The Top 50 UK ALVA attractions by total visits
|2021 Rank||2020 Rank||Site||Total Visits in 2021||Total Visits in 2020|
|1||Windsor Great Park||5,400,000||5,900,000|
|2||4||Royal Botanic Gardens, Kew||1,963,171||1,222,956|
|4||2||Natural History Museum (South Kensington)||1,571,413||1,296,763|
|5||7||RHS Garden Wisley||1,410,785||993,516|
|10||Jeskyns Community Woodland||878,626||752,315|
|11||8||V&A South Kensington||857,742||872,750|
|12||Moors Valley Country Park||803,867||659,708|
|15||5||National Gallery, The||708,924||1,197,143|
|17||18||ZSL London Zoo||694,060||450,252|
|18||Royal Museums Greenwich||686,375||571,883|
|19||13||ZSL Whipsnade Zoo||669,574||550,046|
|20||20||National Museum of Scotland||660,741||445,217|
|21||12||Horniman Museum and Gardens||653,200||606,329|
|22||17||Royal Botanic Garden Edinburgh||647,698||452,479|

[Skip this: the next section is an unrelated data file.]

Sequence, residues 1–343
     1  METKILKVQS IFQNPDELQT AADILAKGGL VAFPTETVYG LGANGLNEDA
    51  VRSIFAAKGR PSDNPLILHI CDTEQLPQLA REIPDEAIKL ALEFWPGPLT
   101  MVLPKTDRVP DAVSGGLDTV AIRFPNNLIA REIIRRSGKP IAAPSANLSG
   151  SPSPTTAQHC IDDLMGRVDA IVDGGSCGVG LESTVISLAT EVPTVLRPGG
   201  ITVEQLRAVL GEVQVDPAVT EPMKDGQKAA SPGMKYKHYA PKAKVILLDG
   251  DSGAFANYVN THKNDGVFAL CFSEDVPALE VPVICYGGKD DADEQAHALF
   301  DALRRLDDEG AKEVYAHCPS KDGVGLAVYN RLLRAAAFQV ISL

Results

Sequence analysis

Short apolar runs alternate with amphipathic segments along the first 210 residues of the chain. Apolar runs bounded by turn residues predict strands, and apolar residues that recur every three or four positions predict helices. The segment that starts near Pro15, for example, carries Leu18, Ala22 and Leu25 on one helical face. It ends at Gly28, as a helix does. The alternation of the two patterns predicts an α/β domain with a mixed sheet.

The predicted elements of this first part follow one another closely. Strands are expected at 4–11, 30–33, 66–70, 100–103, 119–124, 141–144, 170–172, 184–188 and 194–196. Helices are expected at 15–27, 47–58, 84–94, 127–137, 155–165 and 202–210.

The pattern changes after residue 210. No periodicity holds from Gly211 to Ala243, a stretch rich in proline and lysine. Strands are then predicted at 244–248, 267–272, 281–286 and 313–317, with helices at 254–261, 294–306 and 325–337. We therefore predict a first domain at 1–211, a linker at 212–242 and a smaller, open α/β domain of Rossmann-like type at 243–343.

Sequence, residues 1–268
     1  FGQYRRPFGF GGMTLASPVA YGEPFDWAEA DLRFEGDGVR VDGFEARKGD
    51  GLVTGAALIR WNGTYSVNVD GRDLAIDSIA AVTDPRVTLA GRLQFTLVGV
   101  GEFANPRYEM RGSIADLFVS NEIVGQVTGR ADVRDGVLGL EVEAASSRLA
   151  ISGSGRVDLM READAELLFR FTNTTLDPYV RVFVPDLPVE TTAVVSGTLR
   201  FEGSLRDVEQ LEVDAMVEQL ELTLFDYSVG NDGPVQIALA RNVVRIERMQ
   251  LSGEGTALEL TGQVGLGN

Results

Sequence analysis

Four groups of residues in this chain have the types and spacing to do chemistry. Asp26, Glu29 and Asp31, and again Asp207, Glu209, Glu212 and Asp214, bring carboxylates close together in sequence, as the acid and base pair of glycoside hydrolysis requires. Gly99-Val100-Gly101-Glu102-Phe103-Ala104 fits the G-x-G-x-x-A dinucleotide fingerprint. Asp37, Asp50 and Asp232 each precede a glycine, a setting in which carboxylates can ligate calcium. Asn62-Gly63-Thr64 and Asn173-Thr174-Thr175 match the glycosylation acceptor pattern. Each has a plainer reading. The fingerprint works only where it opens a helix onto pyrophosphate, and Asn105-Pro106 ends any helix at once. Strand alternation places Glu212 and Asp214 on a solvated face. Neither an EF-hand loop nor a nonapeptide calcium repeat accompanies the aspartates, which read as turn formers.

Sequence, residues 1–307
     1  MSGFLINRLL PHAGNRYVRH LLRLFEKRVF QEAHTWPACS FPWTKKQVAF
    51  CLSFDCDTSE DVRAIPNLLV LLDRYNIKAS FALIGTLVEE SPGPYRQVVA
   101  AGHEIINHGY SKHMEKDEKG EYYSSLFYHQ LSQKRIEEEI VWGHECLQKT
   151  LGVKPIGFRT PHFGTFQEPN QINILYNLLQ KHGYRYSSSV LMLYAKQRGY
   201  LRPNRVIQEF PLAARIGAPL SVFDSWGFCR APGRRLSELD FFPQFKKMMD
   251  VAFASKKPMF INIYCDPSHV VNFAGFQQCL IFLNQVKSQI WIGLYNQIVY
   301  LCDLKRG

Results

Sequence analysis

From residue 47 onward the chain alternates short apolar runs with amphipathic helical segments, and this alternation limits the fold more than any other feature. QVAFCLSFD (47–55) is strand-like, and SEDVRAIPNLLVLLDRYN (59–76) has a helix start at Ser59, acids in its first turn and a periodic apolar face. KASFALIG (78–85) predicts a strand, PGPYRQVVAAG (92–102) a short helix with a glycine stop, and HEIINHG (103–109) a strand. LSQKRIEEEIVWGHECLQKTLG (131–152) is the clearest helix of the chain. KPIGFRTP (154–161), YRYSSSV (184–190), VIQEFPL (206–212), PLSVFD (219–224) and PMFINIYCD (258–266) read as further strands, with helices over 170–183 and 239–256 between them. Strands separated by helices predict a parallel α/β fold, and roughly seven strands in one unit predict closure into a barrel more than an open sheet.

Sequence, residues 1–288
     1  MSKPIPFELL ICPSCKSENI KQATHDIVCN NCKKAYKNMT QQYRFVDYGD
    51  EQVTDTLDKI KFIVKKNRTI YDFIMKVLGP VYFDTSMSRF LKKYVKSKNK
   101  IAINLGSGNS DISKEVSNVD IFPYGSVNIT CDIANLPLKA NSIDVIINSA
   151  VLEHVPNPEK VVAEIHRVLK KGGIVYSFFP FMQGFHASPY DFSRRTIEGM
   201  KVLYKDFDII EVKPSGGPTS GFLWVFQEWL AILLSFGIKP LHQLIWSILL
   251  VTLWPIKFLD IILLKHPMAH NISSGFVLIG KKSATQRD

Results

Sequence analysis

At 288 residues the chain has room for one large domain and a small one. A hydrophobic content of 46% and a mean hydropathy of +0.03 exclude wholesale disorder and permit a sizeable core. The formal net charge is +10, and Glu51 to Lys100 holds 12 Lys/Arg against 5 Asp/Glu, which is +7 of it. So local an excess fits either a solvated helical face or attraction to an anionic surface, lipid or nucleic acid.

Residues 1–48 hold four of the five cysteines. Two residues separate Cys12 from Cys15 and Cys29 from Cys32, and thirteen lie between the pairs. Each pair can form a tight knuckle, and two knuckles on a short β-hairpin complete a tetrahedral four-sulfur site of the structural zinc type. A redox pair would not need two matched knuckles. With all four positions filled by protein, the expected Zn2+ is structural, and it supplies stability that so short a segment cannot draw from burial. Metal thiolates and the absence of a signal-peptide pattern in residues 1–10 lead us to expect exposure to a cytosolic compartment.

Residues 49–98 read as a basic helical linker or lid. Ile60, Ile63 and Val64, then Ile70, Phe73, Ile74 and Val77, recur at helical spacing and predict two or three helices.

|24||15||Westonbirt, The National Arboretum||607,040||532,026|
|27||36||Beamish, The Living Museum of the North||593,985||305,000|
|31||High Lodge, Thetford Forest||537,098||426,747|
|32||38||Royal Albert Hall||531,407||299,059|
|33||19||Tower of London||526,379||447,812|
|34||Bedgebury National Pinetum||526,221||484,205|
|37||27||Royal Academy of Arts||468,693||309,702|
|39||Portsmouth Historic Dockyard||438,376||175,321|
|40||143||St Michael’s Mount||429,237||102,021|
|43||45||RHS Garden Hyde Hall||410,846||276,003|
|46||39||RHS Garden Harlow Carr||401,727||296,043|
|49||60||Hampton Court Palace||376,107||227,447|
|50||42||Foutains Abbey Estate||364,057||284,923|